From the Antique Marks Collection we have a beautiful 19thC. Nailsea spatter glass basket in multi-coloured glass with clear branch handle. Part of a range of highly collectable glass items which are collectively often simply referred to as Nailsea glass
The Antique Marks Glossary - Antique Terms (Q)
Here you will find antique terms and related words beginning with Q and covering everything from Qing to Quimper and Queens Ware to Quaich plus many more that you might find useful.
Organised alphabetically; simply scroll through the list of antique terms or use the search function in the sidebar to find all mentions of the word or phrase you're looking for.
qingbai (ceramic - chinese - porcelain)
Chinese porcelain form the song dynasty ...
The Antique Marks Glossary covering Antique Terms (M)
Here you will find antique terms and related words beginning with the letter 'M' including definitions and short histories covering everything from MacIntyre to the Martin Brothers, Moorcroft, Minton and Musket.
Listed alphabetically, so simply scroll through or use the search function to find the word or term you are looking for.
macheleid, georg heinrich (ceramics - porcelain re-invention - thuringian)
Georg Heinrich Macheleid ...
Collecting Royal Vienna porcelain and Vienna Portrait Plates and Wall Plaques.
The Royal Vienna Porcelain factory was founded in 1717 by Claudius Innocentius Du Paquier.
Du Paquier, on studying father d'Entrecolles' letters and after conducting experiments hoped, with the help of Christoph Conrad Hunger, to reveal the secrets of porcelain production.
His attempts were unsuccessful until 1718, when he secured the services of the arcanist Samuel Stölzel, a previous employee of the ...
The History of Tin Glazed Pottery Ceramics. The manufacture and examples.
Tin glaze ceramics, normally earthenware, known also as delftware or delft, was the first white pottery manufactured in England.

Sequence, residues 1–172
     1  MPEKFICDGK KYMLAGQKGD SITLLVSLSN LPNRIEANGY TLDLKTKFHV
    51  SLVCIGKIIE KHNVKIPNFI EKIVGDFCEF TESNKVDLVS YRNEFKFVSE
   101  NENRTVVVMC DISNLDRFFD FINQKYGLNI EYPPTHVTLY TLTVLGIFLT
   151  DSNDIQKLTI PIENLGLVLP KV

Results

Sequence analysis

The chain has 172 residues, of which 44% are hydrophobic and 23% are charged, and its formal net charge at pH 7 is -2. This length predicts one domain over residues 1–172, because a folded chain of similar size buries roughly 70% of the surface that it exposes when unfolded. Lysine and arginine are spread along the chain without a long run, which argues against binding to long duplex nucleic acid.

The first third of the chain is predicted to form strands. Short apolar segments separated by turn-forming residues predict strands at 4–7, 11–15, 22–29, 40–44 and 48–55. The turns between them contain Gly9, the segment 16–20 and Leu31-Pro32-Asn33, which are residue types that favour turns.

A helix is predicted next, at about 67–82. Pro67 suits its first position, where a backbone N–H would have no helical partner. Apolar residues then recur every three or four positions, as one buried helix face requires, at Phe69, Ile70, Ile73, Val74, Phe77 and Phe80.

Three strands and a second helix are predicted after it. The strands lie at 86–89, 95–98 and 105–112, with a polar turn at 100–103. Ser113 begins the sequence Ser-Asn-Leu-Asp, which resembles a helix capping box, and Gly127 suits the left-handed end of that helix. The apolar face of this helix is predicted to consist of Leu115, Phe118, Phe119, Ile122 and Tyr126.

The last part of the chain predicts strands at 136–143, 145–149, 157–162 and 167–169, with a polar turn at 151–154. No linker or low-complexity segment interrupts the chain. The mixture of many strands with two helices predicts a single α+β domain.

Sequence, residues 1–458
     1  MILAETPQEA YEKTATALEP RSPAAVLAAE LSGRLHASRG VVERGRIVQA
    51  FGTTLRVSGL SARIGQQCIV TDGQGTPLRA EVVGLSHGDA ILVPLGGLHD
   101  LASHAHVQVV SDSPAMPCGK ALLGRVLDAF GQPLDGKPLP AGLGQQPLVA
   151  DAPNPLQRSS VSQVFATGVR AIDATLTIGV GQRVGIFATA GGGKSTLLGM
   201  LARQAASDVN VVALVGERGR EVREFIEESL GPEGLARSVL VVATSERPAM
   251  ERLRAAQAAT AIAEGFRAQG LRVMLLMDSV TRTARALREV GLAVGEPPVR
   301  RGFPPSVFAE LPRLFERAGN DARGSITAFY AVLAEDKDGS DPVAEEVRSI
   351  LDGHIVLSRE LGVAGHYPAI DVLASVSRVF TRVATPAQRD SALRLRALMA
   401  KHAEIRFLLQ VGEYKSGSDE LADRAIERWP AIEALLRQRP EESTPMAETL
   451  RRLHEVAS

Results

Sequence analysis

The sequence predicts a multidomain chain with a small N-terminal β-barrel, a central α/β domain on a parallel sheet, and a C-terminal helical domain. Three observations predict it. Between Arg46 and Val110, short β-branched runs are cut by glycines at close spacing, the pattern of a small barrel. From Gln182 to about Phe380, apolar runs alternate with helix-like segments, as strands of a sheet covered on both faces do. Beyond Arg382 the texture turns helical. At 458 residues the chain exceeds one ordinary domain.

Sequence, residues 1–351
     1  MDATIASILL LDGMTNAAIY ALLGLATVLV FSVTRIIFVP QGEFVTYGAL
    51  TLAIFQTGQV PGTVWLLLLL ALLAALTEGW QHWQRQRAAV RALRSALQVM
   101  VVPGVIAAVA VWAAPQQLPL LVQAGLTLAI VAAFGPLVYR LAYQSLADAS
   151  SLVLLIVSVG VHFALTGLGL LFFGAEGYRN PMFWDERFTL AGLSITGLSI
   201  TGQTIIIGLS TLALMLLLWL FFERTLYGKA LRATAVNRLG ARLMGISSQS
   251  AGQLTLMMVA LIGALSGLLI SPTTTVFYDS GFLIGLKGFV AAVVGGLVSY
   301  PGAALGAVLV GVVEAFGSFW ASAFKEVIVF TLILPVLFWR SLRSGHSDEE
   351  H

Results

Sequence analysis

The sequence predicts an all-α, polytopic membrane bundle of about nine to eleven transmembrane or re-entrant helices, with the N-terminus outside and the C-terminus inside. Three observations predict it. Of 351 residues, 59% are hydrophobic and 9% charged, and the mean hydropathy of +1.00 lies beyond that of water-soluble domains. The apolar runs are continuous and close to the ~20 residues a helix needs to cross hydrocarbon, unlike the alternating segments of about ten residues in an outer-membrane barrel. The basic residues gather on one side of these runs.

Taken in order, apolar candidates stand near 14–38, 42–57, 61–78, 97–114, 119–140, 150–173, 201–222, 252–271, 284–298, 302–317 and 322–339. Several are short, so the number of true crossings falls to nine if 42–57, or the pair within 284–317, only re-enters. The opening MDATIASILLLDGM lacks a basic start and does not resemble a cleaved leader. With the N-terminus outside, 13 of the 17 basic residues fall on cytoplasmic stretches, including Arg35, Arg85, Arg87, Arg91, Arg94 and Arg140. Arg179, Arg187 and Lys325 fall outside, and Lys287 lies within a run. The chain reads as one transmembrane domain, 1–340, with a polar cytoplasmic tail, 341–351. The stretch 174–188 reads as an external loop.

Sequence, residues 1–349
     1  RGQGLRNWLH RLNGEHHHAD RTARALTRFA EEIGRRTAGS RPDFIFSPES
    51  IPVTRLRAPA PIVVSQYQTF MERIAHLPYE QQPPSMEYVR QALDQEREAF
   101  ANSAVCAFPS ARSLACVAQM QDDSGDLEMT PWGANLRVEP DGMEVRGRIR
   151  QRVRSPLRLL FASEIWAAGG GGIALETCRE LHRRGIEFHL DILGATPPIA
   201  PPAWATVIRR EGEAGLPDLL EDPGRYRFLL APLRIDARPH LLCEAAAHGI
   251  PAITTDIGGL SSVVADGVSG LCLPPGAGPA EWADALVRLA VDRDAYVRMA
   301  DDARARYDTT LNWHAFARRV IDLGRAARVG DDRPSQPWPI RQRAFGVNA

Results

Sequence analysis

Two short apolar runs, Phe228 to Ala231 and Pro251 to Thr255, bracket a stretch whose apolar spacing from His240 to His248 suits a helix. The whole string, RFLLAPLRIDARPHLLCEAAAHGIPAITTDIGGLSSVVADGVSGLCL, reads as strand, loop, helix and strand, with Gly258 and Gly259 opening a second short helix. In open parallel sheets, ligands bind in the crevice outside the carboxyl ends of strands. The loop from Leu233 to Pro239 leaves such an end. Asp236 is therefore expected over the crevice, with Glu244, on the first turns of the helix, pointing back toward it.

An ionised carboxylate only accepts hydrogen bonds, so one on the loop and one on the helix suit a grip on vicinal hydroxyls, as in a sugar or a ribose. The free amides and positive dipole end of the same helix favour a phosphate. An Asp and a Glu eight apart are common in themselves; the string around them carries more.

Tin glaze is a clear lead glaze to which tin-oxide is added in a proportion of approximately 1:3.
Tin Glaze Ceramics were very popular because they resembled Chinese porcelain.
The new Chinese porcelain was very expensive and only the wealthy could afford to buy.
The usual characterist...
Collectable Antique Wall Clocks can be either Spring driven or Weight Driven
Antique wall clocks can be found in many forms almost all are collectable depending on condition.
The basic difference between them is they are either spring-driven clocks, which mostly run for eight days, or weight-driven clocks which run for 30 hours.
They range from the plain Edwardian school clocks to elaborate Ormolu mounted French Cartel clocks.
Antique Wall Clocks of the Victorian and Edwardian periods ...
The Antiques Marks Glossary and Antique Terms F
Covering antique terms beginning with the letter 'F', everything from faberge to fusee and faience to furstenberg.
Below you will find antique related words or antique terms begining with 'f' covering everything from faberge to fusee and many more that you might find useful.
The list is not exhaustive but we will add to it as time goes by.
The descriptions detailed are only intended to be relevant to how the word or term relates to ...
Ogee clocks feature hand painted lead and zinc dial plates and twin glass door panes. Rare examples feature the manufacturers name within the case. The information usually appeared on a paper label pasted in the case behind the pendulum bob. Restoring and caring for Ogee clocks requires some attention to detail ...
The American glassworks that produced Cranberry glass were mostly in New England, which happens to be where cranberries are grown, and so the term Cranberry was used to refer to this form of glass. Antique cranberry glass will add value to your glass collection if you focus your collecting efforts on quality pieces that are undamaged.
I know it is not worth a lot of money and you can find a lot of Japanese Chocolate Pot items.
by Deborah (Montana USA)
Photo to right shows our Japanese Kutani Chocolate Pot, perhaps?
I paid $65.00 at an Estate Sale. But it is odd the mark on the bottom of each piece that intriques me.
It looks like a stamped mark, but not all stamps are exactly alike. Some lines are wider, longer or shorter.
I was told a couple of different things, which makes me wonder even more about the history ...
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